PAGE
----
High school students feel effect of new athletic code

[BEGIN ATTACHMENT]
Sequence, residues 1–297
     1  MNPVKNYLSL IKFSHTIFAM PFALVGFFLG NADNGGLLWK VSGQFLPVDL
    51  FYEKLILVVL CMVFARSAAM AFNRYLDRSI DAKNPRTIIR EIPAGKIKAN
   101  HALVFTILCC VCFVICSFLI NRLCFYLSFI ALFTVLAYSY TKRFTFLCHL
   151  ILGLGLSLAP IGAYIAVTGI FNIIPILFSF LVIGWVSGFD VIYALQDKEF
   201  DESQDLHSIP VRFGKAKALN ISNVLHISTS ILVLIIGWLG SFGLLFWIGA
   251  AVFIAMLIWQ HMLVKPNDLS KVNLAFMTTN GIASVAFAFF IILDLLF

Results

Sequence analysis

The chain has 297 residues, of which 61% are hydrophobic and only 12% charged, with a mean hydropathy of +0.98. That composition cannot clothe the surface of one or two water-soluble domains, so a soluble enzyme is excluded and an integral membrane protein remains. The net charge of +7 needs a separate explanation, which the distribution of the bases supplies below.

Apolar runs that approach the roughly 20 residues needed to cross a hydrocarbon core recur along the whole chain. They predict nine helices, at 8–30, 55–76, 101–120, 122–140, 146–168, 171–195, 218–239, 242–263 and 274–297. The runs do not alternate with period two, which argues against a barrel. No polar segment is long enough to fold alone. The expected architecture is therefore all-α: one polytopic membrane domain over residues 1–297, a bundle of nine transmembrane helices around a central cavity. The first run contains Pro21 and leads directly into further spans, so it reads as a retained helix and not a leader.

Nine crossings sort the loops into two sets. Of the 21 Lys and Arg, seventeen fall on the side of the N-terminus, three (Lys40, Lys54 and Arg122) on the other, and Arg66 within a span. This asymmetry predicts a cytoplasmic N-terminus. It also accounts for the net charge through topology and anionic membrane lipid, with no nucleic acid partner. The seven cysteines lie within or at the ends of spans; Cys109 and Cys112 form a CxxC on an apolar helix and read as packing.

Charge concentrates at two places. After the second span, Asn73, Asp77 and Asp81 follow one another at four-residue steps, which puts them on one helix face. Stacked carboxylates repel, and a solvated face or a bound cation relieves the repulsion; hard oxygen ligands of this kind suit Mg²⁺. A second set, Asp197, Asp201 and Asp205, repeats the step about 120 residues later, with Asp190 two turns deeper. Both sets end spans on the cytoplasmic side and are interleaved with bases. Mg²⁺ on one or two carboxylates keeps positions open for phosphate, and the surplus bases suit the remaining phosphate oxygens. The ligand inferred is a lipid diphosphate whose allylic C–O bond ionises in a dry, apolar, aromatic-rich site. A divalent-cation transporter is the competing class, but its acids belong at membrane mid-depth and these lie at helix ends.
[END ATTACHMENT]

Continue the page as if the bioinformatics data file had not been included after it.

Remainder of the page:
"Sixteen of the 190 South Whidbey High School students who played in a sport this fall were suspended from play for three to five weeks due to poor grades, drug and alcohol use, or other violations of the school’s new athletic code. After that time was up, every one of them took the field again.That is exactly how the new code was designed to work. Revised last spring, the code prescribes a one-year suspension for drug or alcohol violations, unless a student voluntarily admits to a violation and agrees to a drug/alcohol evaluation and treatment program, and to do eight hours of community service. That shortens a suspension to three weeks.In all, six athletes committed violations that had them in trouble with the school’s five-member code enforcement board. Ten students were suspended from play for not making academic standards.Athletic director Brian Kissinger said the school cannot release the details of those violations, and he cautions that no one should assume all six suspensions were the result of drug or alcohol use. However, the code is written in such a way that it prescribes suspensions for only two reasons -- substance abuse and poor grades.As teams enter the winter sports season, the athletic department, school administrators and students are still evaluating the effectiveness of the new code and disciplinary system. Two of the six students suspended from athletic play still have not finished the community service required under the athletic code for violators.After just one sports season under the revised code, Kissinger said it is too early to tell if it will keep student athletes away from drugs and alcohol and encourage them to keep their grades up. It will take at least the remainder of this year for all the school’s athletes to sign the code and to find out what it really means to them. “I would question how familiar athletes are with the code,” Kissinger said.Angela Vosburg, a junior who received a two-week suspension from the cheerleading squad last year for consuming alcohol, said she and other athletes do know what the new code entails. She said it might actually be effective in convincing athletes to stay away from illegal substances and to keep up with their studies -- if it was universally applied.Vosburg said she believes school administrators and coaches are not suspending every student they know to be guilty of violating the code.“It’s really inconsistent. They put in all these rules and never really follow through with them,” Vosburg said.If the school is going to have an athletic code, Vosburg said there needs to be faster, more decisive follow-ups after high school parties which involve alcohol. Many of these parties are well known in the school halls and among faculty, she said, as are the participants.Ultimately, she said she hopes a well-enforced code will make students think twice.“We just need to make the right choices for ourselves,” she said.Making those “right choices” could start with the changes in the new code.The community service portion of the code offers a different and more educational twist than in previous years. Instead of spending eight hours picking up garbage around the schools, students suspended from sports this year were required to give presentations at Langley Middle School about the pitfalls of using illegal drugs and alcohol.District drug and alcohol counselor Judy Thorslund said this kind of community service has a real impact on the middle school students who, in many cases, look up to high school students as examples. Thorslund said she agrees with the aim of the new athletic policy and said she hopes it shapes the futures of at least a few of its violators.“If we can pick up one or two out of 10, we can save some lives,” Thorsland said.All students who are accused of code violations appear before the school’s athletic board, which is made up by the assistant principal, the athletic director, one out-of-season coach, a faculty member, and a student.The lone student member of the athletic board is senior Briony Morrow-Cribbs. She said she attends athletic code violation hearings with mixed feelings. On one hand, many of the students who appear in front of the board are friends or acquaintances, which makes judging their alleged violations somewhat uncomfortable. But, she said, having the hearing process with at least one peer on the board is the fairest way to go.“It’s pretty interesting. It’s like being one of those court shows on TV,” said Morrow-Cribbs.So far this year, Morrow-Cribbs said the board has had little trouble reaching a consensus. She said the evidence is usually quite clear, making a decision for guilt or innocence relatively easy.Whether the board’s decisions are effective or not is a different story. Morrow-Cribbs said she knows of two cases in which a student athlete committed a second violation of the athletic code within weeks of being “convicted” of a first violation.“I don’t know if it’s going to work at all,” said Morrow-Cribbs.Some don’t even hold out as much hope for the code as Morrow-Cribbs. A number parents who supported the code when it was rewritten last spring planned to bring a petition measure to the school board Tuesday night, demanding that high school administrators stop the post-party interrogations that snag code violators.High school parent Pam Reuland said Monday that administrators have better things to do than chase down every rumor and innuendo concerning who might have been drinking at which party.“I got irritated when I heard how much time and energy was going into enforcing the code,” Reuland said. “I was really behind (the code) until I found out what kind of a monster it became.”As one of the petition originators, Reuland said it is time for the school to take another stab at rewriting the code before it infringes further on the rights of students not to incriminate themselves or others. If the school does not do that rewrite soon, she said it and its administrators could easily wind up in legal trouble.Brian Kissinger said athletes will continue to get to know the code through the winter and spring because all coaches have been asked to review it in detail at the start of every season. The review is also helpful because, he said, some coaches will institute even tougher policies than the code."